• A quick (and thoughtful!) decision maker. Social is a job that doesn’t keep business hours, and any good employee or consultant is aware of this fact and is plugged in to your brand during off hours. When your store is closed or the executives have taken off for the long weekend, this person is still monitoring brand mentions and responding to inquiries. Find someone with whom you trust decisions and can think for him/herself. Surrendering complete control of your branding can be a scary thing, but the right individual will answer those tough questions and think on the fly.

Any other qualities we missed? What makes you successful as a social media marketer, or what are the traits that led you to hire someone for that role?

 

This evening, I had a conversation with a client who noted that a response I’d made to a fan through their Facebook fan page used the pronoun “I,” and my client was concerned readers would think she was the one who’d had the experience. I explained that shouldn’t be a problem, since this business, like many, isn’t branded to a specific individual. So, it got me thinking about why I manage social networks with a bit of a personal touch.

Genuinity. Readers like seeing that their source of news about a particular brand is genuinely invested and involved. I recently felt it appropriate to @ mention a designer jeans manufacturer with an obscure product question because I’d noticed semi-personal tweets coming from their twitter handle…stuff like, “x is playing on office radio today,” or “this vacation is much-needed!” I thought, this person (or maybe people, you never know!) is real, and maybe s/he has time to help me out with something. These little updates made this particular brand (@7FAM, if you were curious) more personable, so I felt comfortable reaching out.

Consistent Voice. I vary my tone, approach, and topics covered across client brands, but I maintain a consistent voice: brand-savvy, intelligent, up to date on current trends and topics (thanks Google alerts!) for all. Sure, the local burger joint is a bit more conversational, and I’ll tweet up my followers having a brew at the pub down the street, whereas I’ll keep things more buttoned up for a local non-profit, thanking readers for pointing me to relevant events. Using “I” in my posts slips in from time to time– tonight’s “I’ve taken my dog there for a few years,” for example, or, “I love Stone beer,” “I’m getting through the morning with some @Starbucks Indonesia blue…how are you coping through Monday?” Three posts that are “me” centric for three different brands. Content relevant to all of my clients is buzzing through my head– so I share it.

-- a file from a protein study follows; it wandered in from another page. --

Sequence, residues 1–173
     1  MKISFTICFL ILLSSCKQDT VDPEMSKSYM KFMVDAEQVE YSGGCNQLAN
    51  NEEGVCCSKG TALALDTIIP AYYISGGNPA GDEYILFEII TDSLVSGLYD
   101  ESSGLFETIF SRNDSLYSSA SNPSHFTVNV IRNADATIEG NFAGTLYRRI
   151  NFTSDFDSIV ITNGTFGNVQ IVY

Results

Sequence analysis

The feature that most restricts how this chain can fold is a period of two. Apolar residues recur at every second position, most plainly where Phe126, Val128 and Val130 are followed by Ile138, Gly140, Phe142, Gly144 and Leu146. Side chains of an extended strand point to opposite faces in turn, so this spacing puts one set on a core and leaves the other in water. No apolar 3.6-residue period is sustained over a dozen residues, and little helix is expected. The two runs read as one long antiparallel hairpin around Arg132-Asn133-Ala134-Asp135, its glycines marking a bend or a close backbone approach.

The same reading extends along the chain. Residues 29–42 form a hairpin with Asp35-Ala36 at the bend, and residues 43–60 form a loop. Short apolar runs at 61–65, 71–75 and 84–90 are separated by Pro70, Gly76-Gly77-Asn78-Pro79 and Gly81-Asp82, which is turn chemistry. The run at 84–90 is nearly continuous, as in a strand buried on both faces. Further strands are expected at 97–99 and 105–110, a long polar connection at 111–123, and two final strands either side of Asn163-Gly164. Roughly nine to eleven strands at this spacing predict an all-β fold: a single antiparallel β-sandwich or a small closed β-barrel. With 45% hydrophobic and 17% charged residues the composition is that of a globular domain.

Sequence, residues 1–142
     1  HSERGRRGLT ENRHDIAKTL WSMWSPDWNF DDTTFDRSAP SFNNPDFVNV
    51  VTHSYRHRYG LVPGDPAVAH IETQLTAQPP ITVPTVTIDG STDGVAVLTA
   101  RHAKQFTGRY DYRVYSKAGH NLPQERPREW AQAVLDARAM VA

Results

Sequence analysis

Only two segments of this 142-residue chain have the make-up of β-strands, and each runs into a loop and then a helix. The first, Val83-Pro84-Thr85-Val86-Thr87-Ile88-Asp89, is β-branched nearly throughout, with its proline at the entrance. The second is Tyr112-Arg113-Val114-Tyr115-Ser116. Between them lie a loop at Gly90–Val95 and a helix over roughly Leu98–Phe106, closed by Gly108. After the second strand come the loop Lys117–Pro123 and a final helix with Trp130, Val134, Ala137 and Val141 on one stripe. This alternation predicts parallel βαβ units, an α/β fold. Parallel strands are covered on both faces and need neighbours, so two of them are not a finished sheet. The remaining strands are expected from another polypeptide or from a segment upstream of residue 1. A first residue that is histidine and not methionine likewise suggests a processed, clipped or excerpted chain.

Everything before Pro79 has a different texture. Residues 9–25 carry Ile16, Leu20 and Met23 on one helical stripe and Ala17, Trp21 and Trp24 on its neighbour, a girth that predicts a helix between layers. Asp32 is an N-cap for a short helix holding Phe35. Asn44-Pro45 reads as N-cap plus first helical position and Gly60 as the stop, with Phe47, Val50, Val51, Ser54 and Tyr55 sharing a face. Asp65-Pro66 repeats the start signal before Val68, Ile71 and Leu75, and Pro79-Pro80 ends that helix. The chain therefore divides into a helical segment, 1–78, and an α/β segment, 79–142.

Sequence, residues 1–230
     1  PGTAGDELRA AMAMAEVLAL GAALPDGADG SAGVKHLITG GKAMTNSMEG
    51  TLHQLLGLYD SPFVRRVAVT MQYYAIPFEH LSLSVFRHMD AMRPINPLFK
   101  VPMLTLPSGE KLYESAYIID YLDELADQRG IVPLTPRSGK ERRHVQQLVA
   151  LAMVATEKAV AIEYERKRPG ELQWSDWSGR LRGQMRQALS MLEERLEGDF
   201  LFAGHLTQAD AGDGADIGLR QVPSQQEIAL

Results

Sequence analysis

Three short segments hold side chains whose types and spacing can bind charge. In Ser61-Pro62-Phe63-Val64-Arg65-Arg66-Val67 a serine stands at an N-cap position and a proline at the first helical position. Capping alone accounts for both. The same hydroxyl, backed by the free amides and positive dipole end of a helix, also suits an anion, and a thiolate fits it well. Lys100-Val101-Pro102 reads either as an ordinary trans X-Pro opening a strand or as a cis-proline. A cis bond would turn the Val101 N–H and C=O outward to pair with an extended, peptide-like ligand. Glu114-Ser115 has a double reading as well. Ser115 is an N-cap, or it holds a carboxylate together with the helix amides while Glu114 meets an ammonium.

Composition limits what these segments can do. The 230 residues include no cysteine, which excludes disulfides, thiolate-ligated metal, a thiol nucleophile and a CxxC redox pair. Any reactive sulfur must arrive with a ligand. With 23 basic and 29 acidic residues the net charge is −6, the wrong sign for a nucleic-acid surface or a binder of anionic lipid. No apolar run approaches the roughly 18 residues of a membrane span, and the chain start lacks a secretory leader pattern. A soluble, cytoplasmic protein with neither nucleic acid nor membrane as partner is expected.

Avoid Sounding Corporate. Big corporations have done wonders for their social images and CRM. Starbucks is a great example here, and Skittles is another. These brands are gi-freaking-normous, but manage to engage on a daily level by reaching out to individuals to answer questions, resolve disputes, and even just shoot the breeze. No generic, “your time is important to us, please continue to hold” recordings on loop here. We’re still talking about a brand with a consistent message and voice, but at least one consumer-facing channel (twitter) is approachable to hoi polloi. What I’ve learned from these giant ‘Super Brands’ is whether you’re an army of one or one million, it never hurts to connect with your audience with a one-on-one perspective.

So. I’ll take those infamous “I”s out of posts for clients upon request, but did want to dig a little deeper into why  that personal touch is so crucial for all brands.

Which network’s check in feature offers the most value for your business?

Let’s keep it simple: you’re a burger joint and you want to increase social media traffic by offering a check in deal. You’ve decided to offer a free side of fries after 3 check-ins. So, a customer shows up, checks in, and repeats two times. On that third time, the offer is unlocked and can be redeemed with the next transaction. Great. So, we’ve engaged a customer, gotten him/her excited about a freebie, and encouraged two more visits. We’ve also got this person checking in at the location a minimum of three times. If s/he’s sharing those visits, let’s explore which network offers the best return for your business.